A former charity chief has demanded regulators launch an immediate investigation into Kiltwalk.
Bosses at the hugely popular charity walk have been rocked in the past week after a host of charities severed ties or said they were to reconsider their involvement with the charity.
Concerns have been raised over the amount of cash actually making its way to the good causes meant to benefit.
CLIC Sargent, Cash for Kids, Aberlour and the Edinburgh’s Sick Kids Friends Foundation have all severed ties with Kiltwalk.
It has been revealed £783k from a total income of £1.6m including a £150,000 gift in kind donation from the Sunday Post was passed on to charities in 2013.
Now the former chairman of the Tartan Army Children’s Charity (TACC), the organisation behind the original idea and who announced last week it was scrapping its involvement with Kiltwalk, has spoken about his anger over the way it operates.
Ally Hunter, the former chair of the TACC and a board member of 10 national and local grant-giving bodies, said: “It sickens me.
“I’d like the charity regulators to look into why so little money is going to good causes and I’ve asked them to investigate.
“Charities I am involved in agonise over a £100 black hole whereas Kiltwalk seem to be spending close to half their income over £750,000 on running the thing.
“I have nothing but respect and admiration for the people raising the money, the Kiltwalkers. But I feel Kiltwalk has lost its direction.”
Kiltwalk was the brainchild of the TACC and started in 2010 with 400 people raising £100,000 for good causes in a charity walk from the national football stadium, Hampden, in Glasgow.
The following year, another 400 people alongside the then current Scotland manager Craig Levein repeated the feat. But the event’s rapid growth meant TACC felt it could no longer run it.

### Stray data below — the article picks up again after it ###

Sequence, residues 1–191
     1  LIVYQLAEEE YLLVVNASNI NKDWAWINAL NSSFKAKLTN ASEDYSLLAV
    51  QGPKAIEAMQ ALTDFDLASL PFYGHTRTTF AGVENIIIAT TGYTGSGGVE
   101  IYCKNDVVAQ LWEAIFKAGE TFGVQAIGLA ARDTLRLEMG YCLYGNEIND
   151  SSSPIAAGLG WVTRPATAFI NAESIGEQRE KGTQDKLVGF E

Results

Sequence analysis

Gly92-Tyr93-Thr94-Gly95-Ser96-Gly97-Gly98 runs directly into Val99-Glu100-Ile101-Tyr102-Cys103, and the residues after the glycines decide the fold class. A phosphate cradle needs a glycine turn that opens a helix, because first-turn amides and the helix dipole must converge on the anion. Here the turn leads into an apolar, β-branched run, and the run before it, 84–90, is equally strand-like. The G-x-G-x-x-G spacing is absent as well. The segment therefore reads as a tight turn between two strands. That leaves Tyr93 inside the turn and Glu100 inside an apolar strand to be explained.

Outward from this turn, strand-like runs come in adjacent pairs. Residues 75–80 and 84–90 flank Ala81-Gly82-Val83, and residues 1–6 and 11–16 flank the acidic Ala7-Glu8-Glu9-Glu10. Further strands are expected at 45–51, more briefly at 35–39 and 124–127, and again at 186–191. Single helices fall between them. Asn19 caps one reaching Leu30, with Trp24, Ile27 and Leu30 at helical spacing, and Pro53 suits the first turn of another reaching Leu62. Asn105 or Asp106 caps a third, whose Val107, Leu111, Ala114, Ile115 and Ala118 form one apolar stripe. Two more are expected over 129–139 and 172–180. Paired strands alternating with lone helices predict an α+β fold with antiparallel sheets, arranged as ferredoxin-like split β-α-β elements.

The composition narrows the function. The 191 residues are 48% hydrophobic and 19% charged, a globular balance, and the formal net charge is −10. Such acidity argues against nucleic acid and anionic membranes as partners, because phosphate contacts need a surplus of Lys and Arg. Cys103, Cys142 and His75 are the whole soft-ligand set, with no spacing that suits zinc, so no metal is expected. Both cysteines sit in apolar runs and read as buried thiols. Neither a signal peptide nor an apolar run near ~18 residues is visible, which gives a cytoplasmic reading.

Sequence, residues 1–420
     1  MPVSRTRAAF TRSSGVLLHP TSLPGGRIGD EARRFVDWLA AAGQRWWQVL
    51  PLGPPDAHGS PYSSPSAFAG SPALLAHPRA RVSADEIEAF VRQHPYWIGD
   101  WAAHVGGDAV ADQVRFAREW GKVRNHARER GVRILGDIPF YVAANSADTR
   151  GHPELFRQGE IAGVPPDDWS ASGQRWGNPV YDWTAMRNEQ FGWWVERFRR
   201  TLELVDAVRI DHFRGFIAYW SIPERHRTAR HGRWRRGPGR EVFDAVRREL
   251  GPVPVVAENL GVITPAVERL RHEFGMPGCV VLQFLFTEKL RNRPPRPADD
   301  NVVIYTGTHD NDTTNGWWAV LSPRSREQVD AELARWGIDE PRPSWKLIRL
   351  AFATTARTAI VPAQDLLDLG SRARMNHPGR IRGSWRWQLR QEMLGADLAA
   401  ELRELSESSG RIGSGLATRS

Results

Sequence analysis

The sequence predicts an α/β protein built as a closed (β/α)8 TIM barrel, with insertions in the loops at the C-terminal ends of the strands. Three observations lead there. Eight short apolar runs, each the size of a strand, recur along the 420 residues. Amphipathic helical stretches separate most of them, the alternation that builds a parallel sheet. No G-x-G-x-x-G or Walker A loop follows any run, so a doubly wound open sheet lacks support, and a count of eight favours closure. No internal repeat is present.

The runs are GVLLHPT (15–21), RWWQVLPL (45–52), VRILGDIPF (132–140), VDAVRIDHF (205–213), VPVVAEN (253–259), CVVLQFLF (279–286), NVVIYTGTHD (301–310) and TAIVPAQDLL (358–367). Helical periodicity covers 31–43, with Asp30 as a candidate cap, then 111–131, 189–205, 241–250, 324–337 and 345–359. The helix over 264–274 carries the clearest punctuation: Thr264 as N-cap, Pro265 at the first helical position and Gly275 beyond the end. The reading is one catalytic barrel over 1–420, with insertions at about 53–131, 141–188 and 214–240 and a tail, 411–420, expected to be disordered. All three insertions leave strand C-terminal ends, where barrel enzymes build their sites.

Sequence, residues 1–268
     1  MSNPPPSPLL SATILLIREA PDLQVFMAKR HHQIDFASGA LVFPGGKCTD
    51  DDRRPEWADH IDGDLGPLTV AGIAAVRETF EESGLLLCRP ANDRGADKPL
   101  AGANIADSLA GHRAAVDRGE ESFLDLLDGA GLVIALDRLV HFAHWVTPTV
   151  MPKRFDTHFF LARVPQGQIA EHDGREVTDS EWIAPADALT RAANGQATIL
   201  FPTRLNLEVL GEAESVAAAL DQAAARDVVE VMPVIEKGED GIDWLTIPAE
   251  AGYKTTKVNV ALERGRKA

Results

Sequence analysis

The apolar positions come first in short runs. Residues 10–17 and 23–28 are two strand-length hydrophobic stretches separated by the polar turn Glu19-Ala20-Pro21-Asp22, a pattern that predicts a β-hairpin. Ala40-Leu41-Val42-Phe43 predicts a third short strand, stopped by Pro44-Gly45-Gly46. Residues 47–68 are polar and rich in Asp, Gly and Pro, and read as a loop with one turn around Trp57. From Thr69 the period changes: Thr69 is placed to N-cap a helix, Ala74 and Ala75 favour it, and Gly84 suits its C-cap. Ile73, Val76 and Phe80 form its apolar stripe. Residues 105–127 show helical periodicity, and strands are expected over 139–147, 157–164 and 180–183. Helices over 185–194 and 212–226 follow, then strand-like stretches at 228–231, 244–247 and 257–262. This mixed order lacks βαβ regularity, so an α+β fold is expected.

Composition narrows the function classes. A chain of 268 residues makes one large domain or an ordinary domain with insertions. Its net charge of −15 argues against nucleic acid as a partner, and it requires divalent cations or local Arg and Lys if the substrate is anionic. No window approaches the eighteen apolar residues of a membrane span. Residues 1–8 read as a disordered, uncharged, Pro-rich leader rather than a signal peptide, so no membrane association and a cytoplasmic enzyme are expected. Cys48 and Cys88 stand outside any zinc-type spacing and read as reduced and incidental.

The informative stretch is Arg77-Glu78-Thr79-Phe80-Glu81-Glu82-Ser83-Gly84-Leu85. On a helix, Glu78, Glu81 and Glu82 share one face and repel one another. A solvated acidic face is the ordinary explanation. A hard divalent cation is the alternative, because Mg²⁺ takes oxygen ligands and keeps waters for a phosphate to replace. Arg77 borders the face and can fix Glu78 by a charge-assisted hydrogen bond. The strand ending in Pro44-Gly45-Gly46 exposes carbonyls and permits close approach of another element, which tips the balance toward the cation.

Months later TACC member Carey McEvoy launched Kiltwalk as a separate entity.
Ally, 36, said: “Kiltwalk was our main asset for fundraising but because we are all volunteers we felt we couldn’t give it the time it required to make it better. TACC could see the potential it had and agonised over what to do.
“We hoped it would be able to help more vulnerable children by letting it be set up as an individual organisation. We agreed that we would remain one of the main charity partners and would have a member on the board of trustees.”
TACC decided to sever all ties earlier this year when it was given a cheque for £50,000 for the Kiltwalk two years ago instead of the £100,000 it thought it would get.
Kiltwalk bosses said costs had been inflated by re-structuring of the organisation due to the event’s rapid growth.
They said that between 2012 and 2014, Kiltwalk had grown at an unprecedented rate, from 1,500 to 12,000 walkers, which meant significant investment had been required.
There are no rules governing how much charities should hand over to good causes and experts say charities in Scotland undergo even less regulator scrutiny than their counterparts south of the Border.
Management consultant David Craig, who has written a book called The Great Charity Scandal, said more needs to be done in Scotland.
He said: “The Office of the Scottish Charity Regulator (OSCR) provide nowhere near the amount of information provided by the Charity Commission in England and Wales.”
The Sunday Post became Kiltwalk’s official media partner for 2013 and 2014. We parted ways in June 2014.
Our involvement helped Kiltwalk boost its income from £400,000 in 2012 towards an expected record-breaking £2m in 2014, new figures are expected to show next month.
At the beginning we were given assurances Kiltwalk aimed to pass on almost every penny of its donations to good causes. However, accounts were not filed for 2013 until the end of 2014. There is no suggestion Kiltwalk has done anything untoward or wrong.
Kiltwalk did not respond to our questions about any OSCR probe or gave any detail behind its escalating costs.
But in an earlier statement they said: “We are greatly looking forward to all six of our events in 2015 in the belief that we will be able to transform the lives of hundreds of thousands more children.”